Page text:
THE HAGUE, Netherlands — Dutch lawmakers are holding a knife-edge vote Feb. 18 on a free trade deal between the European Union and Canada, with Prime Minister Mark Rutte struggling to command a majority.
Defeat would be a serious blow for the liberal leader Rutte, who is a strong supporter of the deal and of free trade.
Rejection by the Dutch parliament would throw into doubt the future of the pact, formally called the Comprehensive Economic and Trade Agreement, or CETA. Most of the deal has been provisionally in force since 2017, but it must be ratified by all EU parliaments before fully entering into effect.
The deal eliminates almost all customs duties and increases quotas for certain key products in each other’s market. The EU said it will save its companies some 600 million euros a year in duties.
Implementing the full deal is also important for the EU as it tries to strike trade deals with other global partners and amid broader tensions in trade, particularly with the US and Britain in the aftermath of Brexit.
Deeply skeptical Dutch lawmakers debated legislation enabling the treaty over two tense days last week.
Overseas Trade Minister Sigrid Kaag urged parliament to support the pact “in times of geopolitical turbulence and great uncertainty.”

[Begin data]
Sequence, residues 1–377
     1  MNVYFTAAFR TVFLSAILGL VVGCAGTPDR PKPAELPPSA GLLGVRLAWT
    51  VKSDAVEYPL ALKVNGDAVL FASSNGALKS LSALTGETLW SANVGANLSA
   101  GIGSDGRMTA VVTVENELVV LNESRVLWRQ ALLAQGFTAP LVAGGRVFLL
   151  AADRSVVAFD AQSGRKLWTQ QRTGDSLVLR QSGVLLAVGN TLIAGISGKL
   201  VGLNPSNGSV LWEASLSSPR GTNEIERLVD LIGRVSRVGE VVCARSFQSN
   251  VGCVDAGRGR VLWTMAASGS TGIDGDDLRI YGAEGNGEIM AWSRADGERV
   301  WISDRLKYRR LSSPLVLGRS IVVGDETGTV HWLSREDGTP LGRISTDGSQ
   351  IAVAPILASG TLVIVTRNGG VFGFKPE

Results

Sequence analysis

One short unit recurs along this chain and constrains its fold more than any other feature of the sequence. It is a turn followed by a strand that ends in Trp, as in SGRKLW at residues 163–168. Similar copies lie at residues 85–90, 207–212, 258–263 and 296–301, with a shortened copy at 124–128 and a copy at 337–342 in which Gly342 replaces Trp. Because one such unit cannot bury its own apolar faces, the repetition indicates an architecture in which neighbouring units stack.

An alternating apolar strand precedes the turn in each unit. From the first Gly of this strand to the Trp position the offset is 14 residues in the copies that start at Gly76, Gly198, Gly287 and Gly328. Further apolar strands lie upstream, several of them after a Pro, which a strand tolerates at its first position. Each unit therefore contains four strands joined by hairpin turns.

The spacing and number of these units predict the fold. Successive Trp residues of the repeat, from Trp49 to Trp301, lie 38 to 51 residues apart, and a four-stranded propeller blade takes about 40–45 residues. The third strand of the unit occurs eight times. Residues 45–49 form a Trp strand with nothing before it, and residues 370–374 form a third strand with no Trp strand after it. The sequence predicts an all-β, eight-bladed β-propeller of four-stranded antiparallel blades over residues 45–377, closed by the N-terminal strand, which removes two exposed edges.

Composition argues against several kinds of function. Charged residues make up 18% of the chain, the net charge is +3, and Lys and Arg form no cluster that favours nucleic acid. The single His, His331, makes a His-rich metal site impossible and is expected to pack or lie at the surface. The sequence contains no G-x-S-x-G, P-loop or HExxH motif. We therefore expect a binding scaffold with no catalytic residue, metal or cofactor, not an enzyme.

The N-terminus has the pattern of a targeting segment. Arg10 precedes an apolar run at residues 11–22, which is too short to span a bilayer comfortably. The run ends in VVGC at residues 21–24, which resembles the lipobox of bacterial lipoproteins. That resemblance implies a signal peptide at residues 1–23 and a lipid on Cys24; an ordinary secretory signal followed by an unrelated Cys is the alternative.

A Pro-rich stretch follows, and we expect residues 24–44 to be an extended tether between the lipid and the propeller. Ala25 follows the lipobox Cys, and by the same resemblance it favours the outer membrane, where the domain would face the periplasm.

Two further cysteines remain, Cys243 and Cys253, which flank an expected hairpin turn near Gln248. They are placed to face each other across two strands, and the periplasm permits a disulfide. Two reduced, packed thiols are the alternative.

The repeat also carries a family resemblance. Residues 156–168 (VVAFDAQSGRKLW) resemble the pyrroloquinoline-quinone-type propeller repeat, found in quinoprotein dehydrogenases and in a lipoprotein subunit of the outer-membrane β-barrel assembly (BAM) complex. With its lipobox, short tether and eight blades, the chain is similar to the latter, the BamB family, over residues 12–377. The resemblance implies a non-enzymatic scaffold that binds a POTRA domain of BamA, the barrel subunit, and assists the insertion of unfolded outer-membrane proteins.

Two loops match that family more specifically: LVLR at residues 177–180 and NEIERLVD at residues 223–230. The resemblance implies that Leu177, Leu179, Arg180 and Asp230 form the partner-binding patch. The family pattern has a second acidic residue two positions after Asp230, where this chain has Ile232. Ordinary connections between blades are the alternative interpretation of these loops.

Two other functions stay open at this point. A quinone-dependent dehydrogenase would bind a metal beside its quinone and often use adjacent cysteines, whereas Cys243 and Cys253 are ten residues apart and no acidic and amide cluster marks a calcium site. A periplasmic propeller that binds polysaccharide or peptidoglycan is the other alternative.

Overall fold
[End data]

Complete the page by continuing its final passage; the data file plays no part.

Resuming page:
She said the deal “is also about values and shared values and how we see the future of our country: Open to the world, strongly embedded in the European Union, our European home.”
Supporters also point to a long history of strong relations between the Netherlands and Canada and even to the role of Canadian forces in the liberation of the Netherlands from Nazi occupation at the end of World War II.
But opposition lawmakers expressed fear that it will erode food safety standards and expose Dutch farmers to unfair competition because their Canadian counterparts have lower animal welfare standards and lower costs.
They expressed fears that a dispute mechanism built into the pact could undermine national sovereignty and expose the government to claims from multinationals — a view the government rejects.
If the legislation passes the lower house Feb. 18, it faces even more trouble in the upper house. Rutte’s coalition government does not have a majority in the Senate. If the legislation is rejected, Rutte could amend it and send it back to lawmakers.
Rutte had looked to have a comfortable majority when the deal was negotiated, but since then Dutch elections have realigned the makeup of his coalition. The Labour Party that helped negotiate the deal while in the ruling coalition is now in opposition and has withdrawn its support.
The vote is likely to hinge on ruling coalition member the ChristenUnie, which has sought reassurances from the government on various issues.